The Movement To End Immigrant Family Detention Is Picking Up Steam. Here’s Why.

CREDIT: Rebecca Blackwell/AP

Central American migrants jump onto a moving freight train as it departs from Arriaga, Chiapas state, Mexico in August 2014.

In a signed letter submitted to the Department of Homeland Security on Wednesday, 136 House Democrats called on the Obama administration to end the practice of detaining Central American mothers and children in family detention facilities. In a scathing critique, the letter criticized DHS Sec. Jeh Johnson for not “fully grasp[ing] the serious harm being inflicted upon mothers and children in custody” and for his department administering practices, like detaining asylum-seeking mothers and children for the purpose of deterring other migrants from entering the country and for due process issues.

“For nearly one year we have been closely following the troublesome conditions of confinement, due process issues, and serious developmental and medical concerns of those being detained,” the letter read in part. “We believe the only solution to this problem is to end the use of family detention. …Detaining mothers and children in jail-like settings is not the answer.”

The call to end family detention has picked up steam over just the past few weeks. The United States Conference of Catholics Bishops released a report and policy recommendations in mid-May, urging Congress to “build a system that affords due process protections, honors human dignity and minimizes the use of detentions.” It recommended the use of two general types of alternatives to detention programs, like the full service ATD program that involves “a combination of case management and monitoring, including the use of tracking devices and home and office visits,” and technology-assisted programs that use only “monitoring technology and do not include case management services.”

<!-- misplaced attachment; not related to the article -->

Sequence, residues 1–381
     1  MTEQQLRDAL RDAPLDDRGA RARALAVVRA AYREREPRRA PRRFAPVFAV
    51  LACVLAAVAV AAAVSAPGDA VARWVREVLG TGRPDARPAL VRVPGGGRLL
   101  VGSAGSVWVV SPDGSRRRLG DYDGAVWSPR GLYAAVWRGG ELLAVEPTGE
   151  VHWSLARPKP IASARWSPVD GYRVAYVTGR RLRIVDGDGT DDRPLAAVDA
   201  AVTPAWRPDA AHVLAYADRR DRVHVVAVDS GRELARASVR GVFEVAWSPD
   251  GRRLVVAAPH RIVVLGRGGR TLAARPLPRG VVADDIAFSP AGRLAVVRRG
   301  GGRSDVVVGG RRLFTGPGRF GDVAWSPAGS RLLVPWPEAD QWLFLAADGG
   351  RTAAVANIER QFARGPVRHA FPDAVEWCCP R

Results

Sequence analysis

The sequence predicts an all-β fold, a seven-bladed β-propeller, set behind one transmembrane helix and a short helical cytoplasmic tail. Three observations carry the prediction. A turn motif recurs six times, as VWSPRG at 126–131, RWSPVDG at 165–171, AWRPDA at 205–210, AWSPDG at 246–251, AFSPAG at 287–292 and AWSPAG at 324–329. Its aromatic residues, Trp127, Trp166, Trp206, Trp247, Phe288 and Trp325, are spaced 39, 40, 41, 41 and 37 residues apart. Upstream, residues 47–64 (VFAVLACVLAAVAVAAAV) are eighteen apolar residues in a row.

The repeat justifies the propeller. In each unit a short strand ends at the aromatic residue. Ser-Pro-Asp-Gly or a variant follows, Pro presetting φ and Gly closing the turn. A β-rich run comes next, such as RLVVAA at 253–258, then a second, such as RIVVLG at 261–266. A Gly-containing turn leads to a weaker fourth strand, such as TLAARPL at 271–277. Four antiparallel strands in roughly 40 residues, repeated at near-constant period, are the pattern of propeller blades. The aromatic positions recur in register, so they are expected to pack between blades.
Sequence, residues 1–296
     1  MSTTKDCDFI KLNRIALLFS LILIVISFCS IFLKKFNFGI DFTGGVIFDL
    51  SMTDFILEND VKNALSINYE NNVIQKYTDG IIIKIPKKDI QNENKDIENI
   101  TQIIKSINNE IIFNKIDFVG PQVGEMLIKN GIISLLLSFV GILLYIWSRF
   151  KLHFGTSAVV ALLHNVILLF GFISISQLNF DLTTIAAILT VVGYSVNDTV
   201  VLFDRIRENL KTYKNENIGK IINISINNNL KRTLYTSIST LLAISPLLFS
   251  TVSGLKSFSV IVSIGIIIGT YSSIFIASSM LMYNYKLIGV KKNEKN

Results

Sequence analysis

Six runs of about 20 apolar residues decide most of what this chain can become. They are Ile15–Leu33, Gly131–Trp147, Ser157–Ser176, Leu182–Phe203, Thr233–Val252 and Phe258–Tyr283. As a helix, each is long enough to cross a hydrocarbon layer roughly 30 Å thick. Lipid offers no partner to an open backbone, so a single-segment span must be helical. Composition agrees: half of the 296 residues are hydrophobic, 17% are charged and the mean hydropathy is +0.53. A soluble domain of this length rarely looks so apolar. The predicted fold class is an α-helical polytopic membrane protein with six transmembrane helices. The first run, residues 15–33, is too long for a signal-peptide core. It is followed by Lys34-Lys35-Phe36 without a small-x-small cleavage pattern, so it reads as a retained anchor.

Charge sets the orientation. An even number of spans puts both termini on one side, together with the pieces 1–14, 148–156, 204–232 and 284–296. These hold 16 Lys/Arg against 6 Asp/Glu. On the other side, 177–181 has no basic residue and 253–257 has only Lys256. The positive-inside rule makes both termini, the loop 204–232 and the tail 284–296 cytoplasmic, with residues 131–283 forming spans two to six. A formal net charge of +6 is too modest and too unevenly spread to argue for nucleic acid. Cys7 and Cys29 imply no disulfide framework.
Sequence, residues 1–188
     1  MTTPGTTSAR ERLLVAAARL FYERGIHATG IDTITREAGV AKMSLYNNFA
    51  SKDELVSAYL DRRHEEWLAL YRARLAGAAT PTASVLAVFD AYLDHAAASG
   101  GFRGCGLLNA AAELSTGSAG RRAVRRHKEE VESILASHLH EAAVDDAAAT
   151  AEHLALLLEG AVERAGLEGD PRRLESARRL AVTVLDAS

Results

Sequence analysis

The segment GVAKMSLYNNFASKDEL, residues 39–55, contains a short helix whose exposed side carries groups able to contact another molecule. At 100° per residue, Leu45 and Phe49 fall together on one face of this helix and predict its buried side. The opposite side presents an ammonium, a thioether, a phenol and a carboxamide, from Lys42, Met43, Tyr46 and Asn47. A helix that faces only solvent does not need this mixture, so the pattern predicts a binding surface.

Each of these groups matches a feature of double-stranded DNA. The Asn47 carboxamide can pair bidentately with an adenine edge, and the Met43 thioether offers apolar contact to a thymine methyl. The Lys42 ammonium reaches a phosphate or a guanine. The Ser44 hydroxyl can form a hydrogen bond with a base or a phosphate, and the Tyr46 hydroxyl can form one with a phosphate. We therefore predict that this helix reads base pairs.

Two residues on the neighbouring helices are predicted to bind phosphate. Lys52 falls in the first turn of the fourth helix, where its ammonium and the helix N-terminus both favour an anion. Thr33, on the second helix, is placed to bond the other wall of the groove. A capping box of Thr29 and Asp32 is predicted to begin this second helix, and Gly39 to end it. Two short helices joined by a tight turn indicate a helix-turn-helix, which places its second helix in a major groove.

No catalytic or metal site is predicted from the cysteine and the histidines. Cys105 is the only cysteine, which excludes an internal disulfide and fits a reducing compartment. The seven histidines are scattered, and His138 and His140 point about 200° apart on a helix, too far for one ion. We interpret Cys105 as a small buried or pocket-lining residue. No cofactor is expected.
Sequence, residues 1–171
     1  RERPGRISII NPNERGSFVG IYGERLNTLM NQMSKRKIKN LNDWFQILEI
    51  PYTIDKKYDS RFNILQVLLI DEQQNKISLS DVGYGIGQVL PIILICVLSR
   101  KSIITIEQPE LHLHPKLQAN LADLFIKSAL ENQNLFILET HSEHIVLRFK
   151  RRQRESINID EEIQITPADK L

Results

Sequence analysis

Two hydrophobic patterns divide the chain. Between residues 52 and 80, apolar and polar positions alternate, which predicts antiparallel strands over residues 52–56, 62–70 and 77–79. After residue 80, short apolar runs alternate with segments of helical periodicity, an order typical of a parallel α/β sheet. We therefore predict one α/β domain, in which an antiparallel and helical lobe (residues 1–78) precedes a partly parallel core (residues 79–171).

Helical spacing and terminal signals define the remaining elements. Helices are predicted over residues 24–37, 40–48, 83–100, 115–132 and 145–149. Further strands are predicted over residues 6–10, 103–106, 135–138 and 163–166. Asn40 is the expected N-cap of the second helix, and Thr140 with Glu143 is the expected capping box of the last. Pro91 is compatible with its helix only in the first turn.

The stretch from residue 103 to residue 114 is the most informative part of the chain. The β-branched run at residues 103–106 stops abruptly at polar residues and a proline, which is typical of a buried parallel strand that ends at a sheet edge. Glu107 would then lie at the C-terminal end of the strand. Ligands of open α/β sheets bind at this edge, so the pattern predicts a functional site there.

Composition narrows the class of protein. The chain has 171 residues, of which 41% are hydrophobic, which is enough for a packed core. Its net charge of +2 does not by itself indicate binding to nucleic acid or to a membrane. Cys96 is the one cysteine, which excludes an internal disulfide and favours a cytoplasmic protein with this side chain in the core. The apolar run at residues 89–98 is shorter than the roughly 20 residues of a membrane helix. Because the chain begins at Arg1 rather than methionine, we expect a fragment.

According to the USCCB report, “between FY 2011 and 2013, the full service ATD program yielded an appearance rate of 99 percent at court hearings and 95 percent at scheduled final removal hearings.”

Matthew Kolken, a Buffalo, New York-based immigration lawyer, stated that 99 to 100 percent of his clients appear in court as ordered, including those who are given detention alternatives for a simple reason: “people with legitimate claims of asylum don’t want to forfeit their opportunity at a court date,” he said.

The New York Times editorial board pointed out earlier this month that immigrants are “locked up merely because the government wants to make sure they show up in immigration court.” And The Seattle Times editorial board also called on lawmakers to create new oversight and standards for immigration detention centers. Even Democratic presidential hopefuls Hillary Clinton and former Maryland governor Martin O’Malley have both picked up the issue over the past few weeks, stating their opposition to keeping migrant families in detention.

Last year, the Customs and Border Protection agency intercepted 68,445 Latin American women and children at the border. Most are from the countries of El Salvador, Guatemala, and Honduras. The Obama administration also adopted an “aggressive deterrence strategy” to lock up women and their children in detention under a “no release” policy as a way to deter future migrants from making the trek. Some people were released, but many were denied bond based on the argument that they could pose threats to national security.